In recent months we’ve seen many new technologies and partnerships aimed at helping local government workers conduct restaurant health inspections more effectively and efficiently. In Boston, participants in a civic innovation competition are using Yelp and city data to develop an algorithm to predict potential violations that will help better target health inspections. In Chicago, a recently completed pilot harnessed advanced analytics to reduce the time it takes inspectors to identify critical violations in city food establishments by seven days. And in cities across the country, health inspectors are trading in clipboards for tablets and other mobile tools, making it easier and faster to access and report information out in the field.
These laudable initiatives are transforming the way local governments inspect and regulate food establishments, providing a valuable and much-needed boost to public health while better deploying limited government resources to focus on bad actors instead of rule-abiding restaurant owners.
Yet there is still more work to be done. As innovators in government and civic tech continue to develop initiatives to improve health inspections, they would be wise to empower the inspectors in the field to exercise greater discretion in decision-making.
It’s high time for a broad re-evaluation of employee discretion in local government health inspections to accompany the rethinking of the technologies that support these workers. Indeed, amid the recent flurry of innovations in predictive analytics and mobile tools in restaurant health inspections, there has been less progress in overturning the bureaucratic conventions that govern how much leeway government health inspectors are given as they do their work. Too often, these inspectors are constricted by a rigid checklist of confusing rules and codes developed long before social media and open data transformed the relationship between restaurants, government and citizens. As a result, for many health inspectors, following a checklist is given priority over the higher virtue of advancing public health.
We need government managers to empower their employees to think differently: to be more creative, innovative and thoughtful in confronting a situation in which the written rule may not align with what’s best for public health. We need greater adoption of what Columbia Law Professor William Simon and other leading thinkers on this issue refer to as “documented exceptions,” instances in which bureaucratic workers deviate from a rule that does not fit the given situation and then carefully and transparently record their decision and alternative course of action.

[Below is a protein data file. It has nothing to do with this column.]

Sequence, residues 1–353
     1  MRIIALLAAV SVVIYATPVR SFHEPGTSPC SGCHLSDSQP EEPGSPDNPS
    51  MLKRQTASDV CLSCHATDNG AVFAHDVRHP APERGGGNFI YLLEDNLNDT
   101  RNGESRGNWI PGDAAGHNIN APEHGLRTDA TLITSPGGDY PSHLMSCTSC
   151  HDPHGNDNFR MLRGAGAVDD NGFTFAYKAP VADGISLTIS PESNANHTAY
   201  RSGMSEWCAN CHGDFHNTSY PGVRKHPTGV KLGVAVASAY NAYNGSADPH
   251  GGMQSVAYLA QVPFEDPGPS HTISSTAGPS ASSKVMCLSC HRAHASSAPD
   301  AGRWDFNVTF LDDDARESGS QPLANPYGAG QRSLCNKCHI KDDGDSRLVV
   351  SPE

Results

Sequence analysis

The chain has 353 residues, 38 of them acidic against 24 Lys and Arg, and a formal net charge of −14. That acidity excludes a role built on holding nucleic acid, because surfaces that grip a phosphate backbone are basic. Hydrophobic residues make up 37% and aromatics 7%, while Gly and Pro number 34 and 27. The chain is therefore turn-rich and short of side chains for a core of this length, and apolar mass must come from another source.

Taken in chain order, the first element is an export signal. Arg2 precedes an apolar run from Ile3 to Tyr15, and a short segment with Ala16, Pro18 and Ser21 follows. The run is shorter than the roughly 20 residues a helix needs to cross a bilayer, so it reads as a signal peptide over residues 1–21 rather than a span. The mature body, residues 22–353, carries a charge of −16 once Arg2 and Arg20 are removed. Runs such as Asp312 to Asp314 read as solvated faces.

I’ve been advocating for greater employee discretion in government health inspections for years. But now, with the rise of predictive analytics and mobile tools to advance this work, there’s more incentive than ever for bureaucratic conventions to get up to speed. These new technologies should ease fears about greater employee discretion by providing powerful accountability tools to ensure that empowered health inspectors do not abuse or otherwise misuse their enhanced discretionary powers. And best of all, greater employee discretion can ensure that these new technologies are not underutilized.
After all, even health inspectors empowered with state-of-the-art predictive analytics and the latest mobile tools can do little if they are obstructed by outdated rules that prevent them from exercising thoughtful discretion in the field.
Stephen Goldsmith is the Daniel Paul Professor of the Practice of Government and the Director of the Innovations in American Government Program at Harvard's Kennedy School of Government. He previously served as Deputy Mayor of New York and Mayor of Indianapolis, where he earned a reputation as one of the country's leaders in public-private partnerships, competition and privatization. Stephen was also the chief domestic policy advisor to the George W. Bush campaign in 2000, the Chair of the Corporation for National and Community Service, and the district attorney for Marion County, Indiana from 1979 to 1990. He has written The Power of Social Innovation; Governing by Network: the New Shape of the Public Sector; Putting Faith in Neighborhoods: Making Cities Work through Grassroots Citizenship; The Twenty-First Century City: Resurrecting Urban America, and The Responsive City: Engaging Communities through Data-Smart Governance.